Still legitimate? I wasn’t aware that they are currently legitimate. Given that, I seriously doubt any AI application will alter the equation of government legitimacy.
To mitigate the potential of “Hacking Humans” without a good understanding of the limits of the possibility of manipulation, Harari urged us to focus on self-awareness:
“It’s the oldest advice in all the books in philosophies is know yourself. We’ve heard it from Socrates, from Confucius, from Buddha: get to know yourself. But there is a difference, which is that now you have competition…You’re competing against these giant corporations and governments. If they get to know you better than you know yourself, the game is over.”
Ugh. First, the Delphic maxim (which Socrates received) has exactly 0.00 in common with eastern philosophies. It is not a command to turn inward or remove oneself from society; it’s the opposite. Socrates stated this (“the unexamined life…”) when given the choice to leave Athens or die; he chose death. If it were an inward command — if the ‘self’ was literally oneself — Socrates would have been fine in the mountains.
Second, there’s no logical incoherence between “knowing oneself” (which means oneself and one’s society for the Greeks) and the government knowing the same. Perhaps you do or don’t care. There are always exchanges between limitations of freedom and government control. Just try to walk into a kindergarten without pants and you’ll discover these limitations. Maybe people are okay with their government “knowing you” if you get free government cheese in exchange; I see no evidence that suggests otherwise.
Third, “the game is over” strikes me as an impossible statement that has no global application. Whatever that means, it’ll mean something very different in different nations (remember those?). Different peoples will have different responses due to their different priorities. I suppose I should remind Hariri that America’s Second Amendment was instituted specifically so we could overthrow our government (no, the second amendment has nothing do to with self-defense, other than self-defense from the government). Seems to me that this “agency” and “freedom” of which you speak is decidedly different across the planet.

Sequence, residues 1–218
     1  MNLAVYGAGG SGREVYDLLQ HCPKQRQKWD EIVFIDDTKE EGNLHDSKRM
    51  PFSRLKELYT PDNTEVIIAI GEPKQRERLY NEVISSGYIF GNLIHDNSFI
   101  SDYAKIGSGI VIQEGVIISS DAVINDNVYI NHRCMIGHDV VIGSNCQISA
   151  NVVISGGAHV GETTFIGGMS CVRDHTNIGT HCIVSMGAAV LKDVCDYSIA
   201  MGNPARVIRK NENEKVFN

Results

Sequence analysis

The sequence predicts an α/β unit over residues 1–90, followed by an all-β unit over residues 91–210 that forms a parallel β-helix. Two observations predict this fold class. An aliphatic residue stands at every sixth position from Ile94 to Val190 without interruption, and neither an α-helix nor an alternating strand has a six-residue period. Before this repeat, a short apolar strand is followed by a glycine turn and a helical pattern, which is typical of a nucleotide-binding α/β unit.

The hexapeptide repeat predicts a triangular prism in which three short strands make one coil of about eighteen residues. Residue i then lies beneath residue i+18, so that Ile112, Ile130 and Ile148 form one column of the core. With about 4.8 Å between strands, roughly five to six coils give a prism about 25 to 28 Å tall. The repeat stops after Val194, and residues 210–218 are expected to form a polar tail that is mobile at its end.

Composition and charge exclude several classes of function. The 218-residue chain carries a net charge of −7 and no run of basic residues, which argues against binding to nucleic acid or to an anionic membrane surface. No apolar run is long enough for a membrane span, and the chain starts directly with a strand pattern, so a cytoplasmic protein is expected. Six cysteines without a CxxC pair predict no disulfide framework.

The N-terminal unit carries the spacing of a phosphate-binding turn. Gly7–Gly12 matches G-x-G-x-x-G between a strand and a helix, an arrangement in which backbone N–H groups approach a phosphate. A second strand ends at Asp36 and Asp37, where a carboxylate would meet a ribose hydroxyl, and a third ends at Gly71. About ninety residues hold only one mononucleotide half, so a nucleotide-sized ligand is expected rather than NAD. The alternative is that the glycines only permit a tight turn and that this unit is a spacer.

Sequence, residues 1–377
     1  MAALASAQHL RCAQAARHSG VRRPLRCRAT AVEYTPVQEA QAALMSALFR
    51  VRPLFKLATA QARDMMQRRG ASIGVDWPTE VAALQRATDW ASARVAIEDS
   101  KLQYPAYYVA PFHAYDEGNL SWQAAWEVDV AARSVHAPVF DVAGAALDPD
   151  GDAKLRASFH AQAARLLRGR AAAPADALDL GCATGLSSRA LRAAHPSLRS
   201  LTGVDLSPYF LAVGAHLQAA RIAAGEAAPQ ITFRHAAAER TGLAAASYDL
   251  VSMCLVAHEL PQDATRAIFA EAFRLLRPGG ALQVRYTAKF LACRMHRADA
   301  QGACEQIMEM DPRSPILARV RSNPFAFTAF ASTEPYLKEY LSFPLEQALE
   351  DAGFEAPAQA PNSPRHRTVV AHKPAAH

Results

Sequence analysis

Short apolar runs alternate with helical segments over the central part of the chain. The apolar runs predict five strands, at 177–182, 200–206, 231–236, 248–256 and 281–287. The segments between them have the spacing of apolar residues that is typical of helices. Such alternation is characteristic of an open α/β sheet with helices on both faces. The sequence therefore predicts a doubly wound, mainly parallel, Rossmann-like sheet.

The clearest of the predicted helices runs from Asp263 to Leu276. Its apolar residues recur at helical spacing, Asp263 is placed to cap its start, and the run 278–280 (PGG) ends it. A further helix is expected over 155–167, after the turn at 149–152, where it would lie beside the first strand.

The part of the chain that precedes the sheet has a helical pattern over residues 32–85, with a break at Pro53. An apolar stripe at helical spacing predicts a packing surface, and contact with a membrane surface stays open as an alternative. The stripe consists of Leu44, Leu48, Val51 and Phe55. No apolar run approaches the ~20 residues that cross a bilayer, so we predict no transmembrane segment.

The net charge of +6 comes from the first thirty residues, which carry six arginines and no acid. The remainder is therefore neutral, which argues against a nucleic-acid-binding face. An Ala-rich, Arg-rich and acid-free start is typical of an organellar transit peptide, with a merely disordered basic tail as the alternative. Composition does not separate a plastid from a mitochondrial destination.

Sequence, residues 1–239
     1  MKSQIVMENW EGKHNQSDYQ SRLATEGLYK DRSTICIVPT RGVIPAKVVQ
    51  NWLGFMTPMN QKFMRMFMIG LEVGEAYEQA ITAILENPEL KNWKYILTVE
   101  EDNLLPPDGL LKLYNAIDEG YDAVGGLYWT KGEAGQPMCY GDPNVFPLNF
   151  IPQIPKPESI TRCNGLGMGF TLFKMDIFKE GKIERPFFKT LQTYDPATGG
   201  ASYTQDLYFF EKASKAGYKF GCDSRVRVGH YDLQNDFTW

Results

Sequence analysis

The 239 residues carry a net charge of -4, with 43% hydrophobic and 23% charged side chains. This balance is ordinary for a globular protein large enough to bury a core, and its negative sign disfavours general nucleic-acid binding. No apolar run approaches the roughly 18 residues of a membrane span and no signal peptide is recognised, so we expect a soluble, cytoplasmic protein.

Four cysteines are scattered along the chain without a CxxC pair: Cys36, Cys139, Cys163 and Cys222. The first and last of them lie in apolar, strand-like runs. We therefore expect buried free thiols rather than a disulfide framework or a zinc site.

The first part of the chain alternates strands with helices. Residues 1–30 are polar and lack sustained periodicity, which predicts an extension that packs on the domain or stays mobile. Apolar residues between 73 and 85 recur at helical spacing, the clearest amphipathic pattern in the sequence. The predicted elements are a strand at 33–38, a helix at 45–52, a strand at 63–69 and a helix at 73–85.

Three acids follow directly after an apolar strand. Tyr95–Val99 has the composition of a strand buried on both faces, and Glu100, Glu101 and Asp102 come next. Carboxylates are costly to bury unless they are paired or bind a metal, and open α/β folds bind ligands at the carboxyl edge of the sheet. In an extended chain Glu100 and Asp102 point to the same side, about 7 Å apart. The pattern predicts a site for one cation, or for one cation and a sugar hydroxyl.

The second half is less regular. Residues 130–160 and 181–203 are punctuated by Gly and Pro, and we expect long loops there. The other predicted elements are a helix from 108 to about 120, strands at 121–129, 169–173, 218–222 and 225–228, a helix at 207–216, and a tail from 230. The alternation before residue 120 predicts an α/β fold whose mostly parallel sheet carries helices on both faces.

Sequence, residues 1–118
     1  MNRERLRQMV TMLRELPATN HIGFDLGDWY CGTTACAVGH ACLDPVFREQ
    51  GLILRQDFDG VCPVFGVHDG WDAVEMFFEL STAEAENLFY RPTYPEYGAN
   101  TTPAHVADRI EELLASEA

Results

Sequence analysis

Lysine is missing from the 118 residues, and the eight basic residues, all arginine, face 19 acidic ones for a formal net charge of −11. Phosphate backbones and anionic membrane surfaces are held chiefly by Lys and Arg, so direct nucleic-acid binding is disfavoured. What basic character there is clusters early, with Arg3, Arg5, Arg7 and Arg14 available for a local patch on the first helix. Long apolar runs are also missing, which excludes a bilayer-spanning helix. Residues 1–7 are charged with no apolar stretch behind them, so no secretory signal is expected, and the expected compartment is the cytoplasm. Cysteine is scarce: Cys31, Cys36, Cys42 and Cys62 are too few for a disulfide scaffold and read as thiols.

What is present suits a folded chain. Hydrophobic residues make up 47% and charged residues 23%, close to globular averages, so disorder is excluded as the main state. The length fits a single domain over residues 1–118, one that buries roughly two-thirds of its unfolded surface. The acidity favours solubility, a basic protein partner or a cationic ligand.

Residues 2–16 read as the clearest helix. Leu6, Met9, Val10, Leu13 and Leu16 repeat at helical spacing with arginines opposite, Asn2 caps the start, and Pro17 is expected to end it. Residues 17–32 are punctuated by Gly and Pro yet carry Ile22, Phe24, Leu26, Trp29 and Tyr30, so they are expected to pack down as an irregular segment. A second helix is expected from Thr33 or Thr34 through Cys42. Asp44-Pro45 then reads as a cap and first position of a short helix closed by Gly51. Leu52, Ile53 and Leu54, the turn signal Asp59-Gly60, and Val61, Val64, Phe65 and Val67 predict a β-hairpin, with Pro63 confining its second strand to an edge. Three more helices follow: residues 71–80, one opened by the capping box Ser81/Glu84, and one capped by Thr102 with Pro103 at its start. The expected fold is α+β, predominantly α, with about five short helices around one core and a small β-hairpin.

We all like to think we live on the precipice of new worlds, but the Harari/Li conversation struck me as no different from all the other AI hype. Useless, jargon-laden, self-promoting. I don’t suspect that AI will enable greater government control. Sure, the Chinese will abuse it, but will they have more control over the population then they did in the 1960s? Could any government have more control than Timur did over Isfahan? Etc. Etc. Etc.
One could break the Internet with a list from history of all the times governments had more control than China does today or will in the foreseeable future. Not that China abusing AI is acceptable, but no amount of hand-wringing or number of ethics panels will change it.
About Nathan Allen
Formerly of Xio Research, an A.I. appliance company. Previously a strategy and development leader at IBM Watson. His views do not necessarily reflect anyone’s, including his own. (What.) Nathan’s academic training is in intellectual history; his next book, Weapon of Choice, examines the creation of American identity and modern Western power. Don’t get too excited, Weapon of Choice isn’t about wars but rather more about the seeming ex nihilo development of individual agency … which doesn’t really seem sexy until you consider that individual agency covers everything from voting rights to the cash in your wallet to the reason mass communication even makes sense….